Young people in Fort St. John will get a chance to personalize the new wooden fence being built around the old Fort Hotel property.The cities Celebrate! Fort St. John Committee (formerly known as the Communities in Bloom Committee) is spearheading a Community Art Mural Project. It’s being put forward as a graffiti counter measure, and involves recruiting artists between 16 and 20, to design and paint murals on the fence.- Advertisement -Earlier this year, Council decided to tear down the old fence surrounding the property, and dished out $30,000 for a new and better constructed one. Now, it has decided to spend another $3,000 for marketing and supplies for the mural project, with the funds to be taken from the 2010 Communities in Bloom budget.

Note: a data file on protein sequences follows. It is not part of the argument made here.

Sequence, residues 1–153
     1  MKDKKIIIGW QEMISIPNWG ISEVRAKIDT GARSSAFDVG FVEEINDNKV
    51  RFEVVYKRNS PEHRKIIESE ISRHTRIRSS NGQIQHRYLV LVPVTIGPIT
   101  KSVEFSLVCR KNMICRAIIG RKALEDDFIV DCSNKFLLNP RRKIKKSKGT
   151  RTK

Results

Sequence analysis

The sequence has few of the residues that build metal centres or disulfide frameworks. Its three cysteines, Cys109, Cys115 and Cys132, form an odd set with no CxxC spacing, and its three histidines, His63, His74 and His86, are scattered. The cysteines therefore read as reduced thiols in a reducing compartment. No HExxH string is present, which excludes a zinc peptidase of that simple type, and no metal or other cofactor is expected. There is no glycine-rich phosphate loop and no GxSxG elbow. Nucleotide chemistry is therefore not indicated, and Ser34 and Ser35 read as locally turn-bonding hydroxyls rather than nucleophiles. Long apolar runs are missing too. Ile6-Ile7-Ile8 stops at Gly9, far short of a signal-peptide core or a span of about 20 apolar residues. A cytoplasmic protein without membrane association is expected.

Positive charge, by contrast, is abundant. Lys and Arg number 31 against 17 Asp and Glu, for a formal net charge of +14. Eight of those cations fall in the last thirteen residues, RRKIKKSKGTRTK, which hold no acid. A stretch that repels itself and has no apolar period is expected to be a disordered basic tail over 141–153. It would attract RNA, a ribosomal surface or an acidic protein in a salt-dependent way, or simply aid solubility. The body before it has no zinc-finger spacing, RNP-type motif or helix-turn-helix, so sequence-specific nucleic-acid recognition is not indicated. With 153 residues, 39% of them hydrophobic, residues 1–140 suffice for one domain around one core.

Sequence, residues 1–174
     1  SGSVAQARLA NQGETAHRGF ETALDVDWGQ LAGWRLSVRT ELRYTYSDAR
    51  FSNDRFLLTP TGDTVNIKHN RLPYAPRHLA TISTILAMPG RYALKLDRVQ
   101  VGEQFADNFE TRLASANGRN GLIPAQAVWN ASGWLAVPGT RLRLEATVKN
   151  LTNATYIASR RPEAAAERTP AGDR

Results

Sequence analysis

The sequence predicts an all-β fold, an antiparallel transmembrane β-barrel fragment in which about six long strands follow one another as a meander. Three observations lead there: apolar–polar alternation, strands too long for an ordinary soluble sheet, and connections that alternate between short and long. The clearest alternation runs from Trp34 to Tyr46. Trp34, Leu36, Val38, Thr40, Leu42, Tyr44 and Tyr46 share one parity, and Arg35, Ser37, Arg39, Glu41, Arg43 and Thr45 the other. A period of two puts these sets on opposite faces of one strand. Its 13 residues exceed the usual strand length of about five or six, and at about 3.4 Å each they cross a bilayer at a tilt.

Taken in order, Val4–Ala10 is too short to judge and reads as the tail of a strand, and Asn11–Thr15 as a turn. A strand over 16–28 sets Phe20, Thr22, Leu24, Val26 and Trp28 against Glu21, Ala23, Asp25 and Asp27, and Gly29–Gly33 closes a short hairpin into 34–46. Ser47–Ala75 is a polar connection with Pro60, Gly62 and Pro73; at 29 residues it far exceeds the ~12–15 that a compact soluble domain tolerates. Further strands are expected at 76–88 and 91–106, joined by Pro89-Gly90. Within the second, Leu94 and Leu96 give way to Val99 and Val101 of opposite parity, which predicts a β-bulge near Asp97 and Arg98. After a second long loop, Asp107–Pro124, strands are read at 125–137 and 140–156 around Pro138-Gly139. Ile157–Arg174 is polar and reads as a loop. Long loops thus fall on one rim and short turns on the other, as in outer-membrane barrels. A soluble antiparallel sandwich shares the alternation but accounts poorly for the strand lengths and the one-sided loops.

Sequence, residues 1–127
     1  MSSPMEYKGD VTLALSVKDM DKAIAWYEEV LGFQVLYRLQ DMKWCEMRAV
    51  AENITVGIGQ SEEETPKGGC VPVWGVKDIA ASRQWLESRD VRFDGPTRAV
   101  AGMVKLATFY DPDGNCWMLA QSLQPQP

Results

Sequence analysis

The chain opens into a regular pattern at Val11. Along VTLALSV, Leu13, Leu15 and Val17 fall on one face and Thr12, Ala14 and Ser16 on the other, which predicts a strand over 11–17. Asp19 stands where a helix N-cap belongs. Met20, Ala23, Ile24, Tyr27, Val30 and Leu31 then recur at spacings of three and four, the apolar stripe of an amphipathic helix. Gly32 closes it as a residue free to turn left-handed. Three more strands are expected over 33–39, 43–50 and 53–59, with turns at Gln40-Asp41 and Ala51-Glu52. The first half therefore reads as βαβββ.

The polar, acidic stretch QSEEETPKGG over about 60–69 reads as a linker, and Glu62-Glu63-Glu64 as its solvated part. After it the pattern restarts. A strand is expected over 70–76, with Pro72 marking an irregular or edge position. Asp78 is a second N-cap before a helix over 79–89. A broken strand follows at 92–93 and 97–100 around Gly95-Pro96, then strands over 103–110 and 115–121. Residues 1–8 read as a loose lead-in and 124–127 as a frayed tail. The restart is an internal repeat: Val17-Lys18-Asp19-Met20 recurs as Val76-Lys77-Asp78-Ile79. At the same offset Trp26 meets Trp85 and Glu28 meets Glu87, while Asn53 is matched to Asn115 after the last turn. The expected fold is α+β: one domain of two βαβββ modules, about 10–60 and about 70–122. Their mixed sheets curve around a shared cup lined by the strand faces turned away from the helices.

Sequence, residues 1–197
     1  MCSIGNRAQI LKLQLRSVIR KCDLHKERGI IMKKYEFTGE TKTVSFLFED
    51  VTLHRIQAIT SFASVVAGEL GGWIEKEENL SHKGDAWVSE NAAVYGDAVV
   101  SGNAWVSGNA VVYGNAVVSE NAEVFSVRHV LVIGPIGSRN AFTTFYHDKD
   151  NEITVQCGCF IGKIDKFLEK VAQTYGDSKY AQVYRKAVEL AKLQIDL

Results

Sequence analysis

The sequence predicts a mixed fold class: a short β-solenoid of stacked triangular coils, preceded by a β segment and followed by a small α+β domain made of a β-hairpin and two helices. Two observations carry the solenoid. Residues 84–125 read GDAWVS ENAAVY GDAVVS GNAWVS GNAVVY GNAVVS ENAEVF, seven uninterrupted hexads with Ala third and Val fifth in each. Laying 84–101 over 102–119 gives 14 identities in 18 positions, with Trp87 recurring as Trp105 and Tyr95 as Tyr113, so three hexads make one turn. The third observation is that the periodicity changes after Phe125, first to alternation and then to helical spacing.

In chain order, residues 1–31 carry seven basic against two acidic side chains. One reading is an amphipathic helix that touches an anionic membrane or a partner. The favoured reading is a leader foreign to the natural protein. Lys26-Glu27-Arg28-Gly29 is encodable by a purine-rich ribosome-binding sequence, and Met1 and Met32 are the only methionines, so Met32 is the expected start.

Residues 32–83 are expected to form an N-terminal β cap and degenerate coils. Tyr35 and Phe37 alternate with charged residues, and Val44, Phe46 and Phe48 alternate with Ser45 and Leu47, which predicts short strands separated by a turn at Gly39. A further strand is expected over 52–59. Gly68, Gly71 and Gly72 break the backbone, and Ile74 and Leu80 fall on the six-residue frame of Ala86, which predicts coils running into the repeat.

Lee Clark has told talkSPORT he would relish the opportunity to take charge of Fulham.The former Craven Cottage star is itching to return to management after ending a tumultuous six-month spell at Blackpool in May.He has now thrown his hat into the ring for the vacancy at Fulham, although he accepts he is an outsider for the role given some of the experienced names being bandied about.Speaking on the Alan Brazil Sports Breakfast, the 43-year-old said: “Would I be interested in being manager of Fulham? Of course I would. I would be absolutely delighted it that were to be the case.“It is a special club to play for, there are terrific people behind the scenes, and it was a brilliant place for me to live with the family.“Of course I would throw my hat into the ring for that but there is a lot of people with more experience than me who have been linked with that one.”Clark won just three of his 33 games as Blackpool boss but his time at Bloomfield Road was blighted by off-field struggles.He admits he should never have taken on the job and hopes Football League chairmen look at his previous work with Birmingham and Huddersfield when considering whether to hand him another opportunity.“The next one has got to be right,” he said. “I made a mistake with my last choice, everyone could see that.“Hopefully, people will see past that and see the work I did in the previous two under different circumstances at Huddersfield and Birmingham and give me an opportunity.”